“We’re horribly mundane, aggressively mundane individuals. We’re the ninjas of the mundane, you might say.” ~ Andy Partridge

                   

“Insanity is often the logic of an accurate mind overtasked. Good mental machinery ought to break its own wheels and levers, if anything is thrust among them suddenly which tends to stop them or reverse their motion. A weak mind does not accumulate force enough to hurt itself; stupidity often saves a man from going mad.” ~ Oliver Wendell Holmes, Sr., “The Autocrat of the Breakfast Table”

Thursday, early afternoon.

The house is finally silent. So many new developments. What shall I enthrall you with first . . . Hmm, things that make you say hmm . . .

My mother was discharged from DePaul Hospital on Monday. From there, we took her to a rehab facility where she was supposed to stay for at least a week to monitor her blood clots and receive physical therapy for her leg. That lasted approximately 24 hours. I had had a feeling that it was going to be a fruitless endeavor, knowing how much she wanted to come home.

When we first arrived, my mother seemed quite pleased: She was placed in a nice-sized private room with en suite full bath—a nice change from her very claustrophobia-inducing hospital room. She was reassured that between her two healthcare carriers that everything would be covered, but there were a few odd signs here and there to which I should have paid more attention: For example, the question about who would be doing her laundry . . . the cable hookup in the room but the lack of a television.

She called me early on Tuesday and asked me to come and get her. Apparently, someone in the facility had moved her into a two-person room with a bathroom that was shared by four people. It was all just too much for her. Realizing that I was beaten, I acquiesced. She walked (was rolled) into her own house on Tuesday afternoon. Tuesday night she slept soundly without waking.

I spent Wednesday on the telephone calling various doctors and facilities to update those who needed updating, and I made an appointment with her PCP for this morning to follow-up on the b lood clots, and an appointment with her orthopaedist for next Wednesday to follow-up on her tibia fracture.

Then I showered her and gave her a pedicure. She ate dinner with a relish, watched “Cash Cab” on television, and settled in.

Post Script: I never had the time to finish this post, and quite frankly, it is a week old, so I am leaving it and moving on . . .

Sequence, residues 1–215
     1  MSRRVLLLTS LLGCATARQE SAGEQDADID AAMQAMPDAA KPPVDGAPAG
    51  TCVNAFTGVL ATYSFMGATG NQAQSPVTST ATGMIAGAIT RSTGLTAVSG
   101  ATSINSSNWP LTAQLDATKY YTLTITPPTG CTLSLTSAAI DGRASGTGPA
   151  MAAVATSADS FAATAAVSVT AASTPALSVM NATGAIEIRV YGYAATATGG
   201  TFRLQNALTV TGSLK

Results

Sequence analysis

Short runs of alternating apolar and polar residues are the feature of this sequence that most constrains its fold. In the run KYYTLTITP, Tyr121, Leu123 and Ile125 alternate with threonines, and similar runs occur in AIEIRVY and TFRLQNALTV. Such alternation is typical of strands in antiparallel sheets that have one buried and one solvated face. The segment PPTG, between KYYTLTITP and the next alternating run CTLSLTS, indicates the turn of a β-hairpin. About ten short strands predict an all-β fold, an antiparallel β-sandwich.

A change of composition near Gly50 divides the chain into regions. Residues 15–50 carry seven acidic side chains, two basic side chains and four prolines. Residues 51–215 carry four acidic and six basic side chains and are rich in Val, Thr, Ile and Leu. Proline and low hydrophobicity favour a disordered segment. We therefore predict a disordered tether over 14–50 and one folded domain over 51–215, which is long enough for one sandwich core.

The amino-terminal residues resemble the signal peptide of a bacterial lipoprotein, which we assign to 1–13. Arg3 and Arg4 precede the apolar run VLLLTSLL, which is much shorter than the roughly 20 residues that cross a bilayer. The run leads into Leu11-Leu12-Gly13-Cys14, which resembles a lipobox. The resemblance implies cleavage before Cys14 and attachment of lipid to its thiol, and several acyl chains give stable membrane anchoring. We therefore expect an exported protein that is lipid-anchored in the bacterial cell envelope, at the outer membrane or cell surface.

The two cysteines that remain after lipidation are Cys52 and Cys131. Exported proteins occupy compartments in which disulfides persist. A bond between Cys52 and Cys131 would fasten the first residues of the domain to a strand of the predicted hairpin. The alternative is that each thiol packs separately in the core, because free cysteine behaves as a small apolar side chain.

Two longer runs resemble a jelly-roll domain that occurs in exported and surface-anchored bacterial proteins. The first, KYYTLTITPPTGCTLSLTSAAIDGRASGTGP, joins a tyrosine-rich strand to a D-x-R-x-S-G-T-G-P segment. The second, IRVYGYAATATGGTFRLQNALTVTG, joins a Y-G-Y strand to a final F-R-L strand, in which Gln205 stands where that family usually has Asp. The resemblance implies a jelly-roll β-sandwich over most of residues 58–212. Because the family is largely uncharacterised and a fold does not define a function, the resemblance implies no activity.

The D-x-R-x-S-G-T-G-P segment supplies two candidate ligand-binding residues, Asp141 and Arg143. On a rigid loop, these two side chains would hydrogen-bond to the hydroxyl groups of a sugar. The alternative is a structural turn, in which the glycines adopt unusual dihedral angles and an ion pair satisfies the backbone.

Music by Laura Izibor, “Mmm”

“The mass of men lead lives of quiet desperation. What is called resignation is confirmed desperation . . .” ~ Henry David Thoreau

 

Image by Joshua Brott

 

From Ellen Bass’s newest book, The Human Line

And What if I Spoke of Despair

And what if I spoke of despair—who doesn’t
feel it? Who doesn’t know the way it seizes,
leaving us limp, deafened by the slosh
of our own blood, rushing
through the narrow, personal
channels of grief. It’s beauty
that brings it on, calls it out from the wings
for one more song. Rain
pooled on a fallen oak leaf, reflecting
the pale cloudy sky, dark canopy
of foliage not yet fallen. Or the red moon
in September, so large you have to pull over
at the top of Bayona and stare, like a photo
of a lover in his uniform, not yet gone;
or your own self, as a child,
on that day your family stayed
at the sea, watching the sun drift down,
lazy as a beach ball, and you fell asleep with sand
in the crack of your smooth behind.
That’s when you can’t deny it. Water. Air.
They’re still here, like a mother’s palms,
sweeping hair off our brow, her scent
swirling around us. But now your own
car is pumping poison, delivering its fair
share of destruction. We’ve created a salmon
with the red, white, and blue shining on one side.
Frog genes spliced into tomatoes—as if
the tomato hasn’t been humiliated enough.
I heard a man argue that genetic
engineering was more dangerous
than a nuclear bomb. Should I be thankful
he was alarmed by one threat, or worried
he’d gotten used to the other? Maybe I can’t
offer you any more than you can offer me—
but what if I stopped on the trail, with shreds
of manzanita bark lying in russet scrolls
and yellow bay leaves, little lanterns
in the dim afternoon, and cradled despair
in my arms, the way I held my own babies
after they’d fallen asleep, when there was no
reason to hold them, only
I didn’t want to put them down.